Exercise 3 (Igneous Rocks and Volcanoes)-1.docx

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sedGeneral Earth Science Lab Exercise #3 Igneous Rocks and Volcanoes READINGS: Earth Science ; Chapter 3 and Chapter 9 OBJECTIVES: Upon completion of this exercise the student should be able to: 1. Understand the formation of igneous rocks within the context of the rock cycle 2. Identify common igneous rock samples, based on physical properties 3. Be able to associate lava composition with the physical property of viscosity. 4. Use data for two volcanoes to calculate slope and compare with the characteristics of the three different types of volcanoes. Introduction Rocks form a major part of this planet's crust. A rock is an aggregate of minerals and/or solid organic matter. Consequently, the study of the earth sciences would be incomplete without the knowledge of the three basic rock types: igneous, sedimentary , and metamorphic . The interrelationships between the basic rock types are expressed in Figure 3.2 of the text. Question 1: Using the rock cycle shown in Figure 3.2 of the textbook, answer the following questions: a) These rocks form via lithification, which involves the compaction and cementation of sediments: sedimentary rocks b) Melting and solidification are necessary to produce this type of rock: magma c) These rocks form when pre-existing rocks are altered due to intense heat and pressure: metamorphic Igneous Rocks Igneous rocks are those that form from the cooling and solidification of magma. Magma , molten rock material, either intrudes into preexisting crustal rocks, or extrudes onto the surface of Earth. This determines how quickly the magma will cool. The cooling history of an igneous rock determines the size of its crystals. As a general rule, the deeper the magma, the more slowly it cools, the larger the crystals. This is because slowly cooling allows more time for crystals to form before the magma solidifies. Rock texture is defined as the size, shape, and arrangement of crystals within the rock. Igneous rocks are classified on the basis of their texture and their mineral composition (Refer to Figure 3.9 in the textbook). Igneous rock textures include coarse-grained (individual crystals are visible to the unaided eye), fine-grained (individual crystals cannot be seen, so the rock looks dull and all one color), vesicular (full of small holes, called vesicles, from escaping gases), and glassy (no crystals formed at all, so the rock looks glassy, with conchoidal fracture common). Individual minerals can be identified where possible to 1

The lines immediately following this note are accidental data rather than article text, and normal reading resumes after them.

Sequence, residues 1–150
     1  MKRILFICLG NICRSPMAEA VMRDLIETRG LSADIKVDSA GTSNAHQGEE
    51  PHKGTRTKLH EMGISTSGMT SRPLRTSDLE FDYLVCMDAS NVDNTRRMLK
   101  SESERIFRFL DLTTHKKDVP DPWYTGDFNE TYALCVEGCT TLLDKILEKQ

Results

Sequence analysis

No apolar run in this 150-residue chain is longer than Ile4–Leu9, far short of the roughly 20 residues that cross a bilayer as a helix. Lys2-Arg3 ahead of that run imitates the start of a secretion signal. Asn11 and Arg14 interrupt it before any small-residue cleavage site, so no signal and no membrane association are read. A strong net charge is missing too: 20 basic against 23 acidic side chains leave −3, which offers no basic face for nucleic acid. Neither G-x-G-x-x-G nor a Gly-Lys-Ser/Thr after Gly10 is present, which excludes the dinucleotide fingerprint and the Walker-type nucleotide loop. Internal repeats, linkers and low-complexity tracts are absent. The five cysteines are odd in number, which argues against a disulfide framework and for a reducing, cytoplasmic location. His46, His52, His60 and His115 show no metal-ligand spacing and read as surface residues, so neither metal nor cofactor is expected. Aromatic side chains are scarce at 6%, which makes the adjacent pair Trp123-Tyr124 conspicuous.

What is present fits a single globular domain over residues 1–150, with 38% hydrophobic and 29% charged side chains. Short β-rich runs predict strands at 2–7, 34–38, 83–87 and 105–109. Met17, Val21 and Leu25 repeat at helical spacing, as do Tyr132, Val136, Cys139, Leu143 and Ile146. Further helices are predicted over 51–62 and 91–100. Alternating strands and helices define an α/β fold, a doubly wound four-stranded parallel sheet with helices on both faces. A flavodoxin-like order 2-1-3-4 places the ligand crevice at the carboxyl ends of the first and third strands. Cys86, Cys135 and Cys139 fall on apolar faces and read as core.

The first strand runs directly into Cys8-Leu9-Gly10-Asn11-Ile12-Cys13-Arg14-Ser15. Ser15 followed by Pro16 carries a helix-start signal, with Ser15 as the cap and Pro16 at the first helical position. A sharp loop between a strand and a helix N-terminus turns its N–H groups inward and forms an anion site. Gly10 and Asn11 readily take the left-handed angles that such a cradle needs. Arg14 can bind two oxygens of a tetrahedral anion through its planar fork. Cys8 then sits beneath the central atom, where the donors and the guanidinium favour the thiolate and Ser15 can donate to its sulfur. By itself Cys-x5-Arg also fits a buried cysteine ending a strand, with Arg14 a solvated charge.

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determine the mineral composition, or more easily, the general color of the rock (light versus dark) is used to indicate the mineral composition. Although the mineral composition may be the same, different rates of cooling may result in the formation of distinctly different rock types.
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  • Spring '18
  • Biology, Igneous rocks, Volcano, Basalt, Felsic Lava

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